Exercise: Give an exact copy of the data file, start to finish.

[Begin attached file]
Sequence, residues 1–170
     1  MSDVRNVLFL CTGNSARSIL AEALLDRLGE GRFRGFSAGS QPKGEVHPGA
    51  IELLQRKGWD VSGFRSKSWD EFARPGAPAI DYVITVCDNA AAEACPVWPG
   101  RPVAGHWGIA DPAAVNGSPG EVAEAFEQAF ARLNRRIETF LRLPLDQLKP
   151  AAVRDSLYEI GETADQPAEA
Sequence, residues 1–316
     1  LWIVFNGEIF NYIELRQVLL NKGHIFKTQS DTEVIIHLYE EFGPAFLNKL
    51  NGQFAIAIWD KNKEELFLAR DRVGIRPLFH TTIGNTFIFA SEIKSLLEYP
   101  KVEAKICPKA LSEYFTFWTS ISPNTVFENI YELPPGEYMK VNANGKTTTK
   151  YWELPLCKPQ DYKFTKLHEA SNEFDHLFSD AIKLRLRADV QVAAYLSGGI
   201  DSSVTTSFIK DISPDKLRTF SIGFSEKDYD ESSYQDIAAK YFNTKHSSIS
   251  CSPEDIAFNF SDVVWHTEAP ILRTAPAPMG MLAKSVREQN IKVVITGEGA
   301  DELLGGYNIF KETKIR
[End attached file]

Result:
Sequence, residues 1–170
     1  MSDVRNVLFL CTGNSARSIL AEALLDRLGE GRFRGFSAGS QPKGEVHPGA
    51  IELLQRKGWD VSGFRSKSWD EFARPGAPAI DYVITVCDNA AAEACPVWPG
   101  RPVAGHWGIA DPAAVNGSPG EVAEAFEQAF ARLNRRIETF LRLPLDQLKP
   151  AAVRDSLYEI GETADQPAEA
Sequence, residues 1–316
     1  LWIVFNGEIF NYIELRQVLL NKGHIFKTQS DTEVIIHLYE EFGPAFLNKL
    51  NGQFAIAIWD KNKEELFLAR DRVGIRPLFH TTIGNTFIFA SEIKSLLEYP
   101  KVEAKICPKA LSEYFTFWTS ISPNTVFENI YELPPGEYMK VNANGKTTTK
   151  YWELPLCKPQ DYKFTKLHEA SNEFDHLFSD AIKLRLRADV QVAAYLSGGI
   201  DSSVTTSFIK DISPDKLRTF SIGFSEKDYD ESSYQDIAAK YFNTKHSSIS
   251  CSPEDIAFNF SDVVWHTEAP ILRTAPAPMG MLAKSVREQN IKVVITGEGA
   301  DELLGGYNIF KETKIR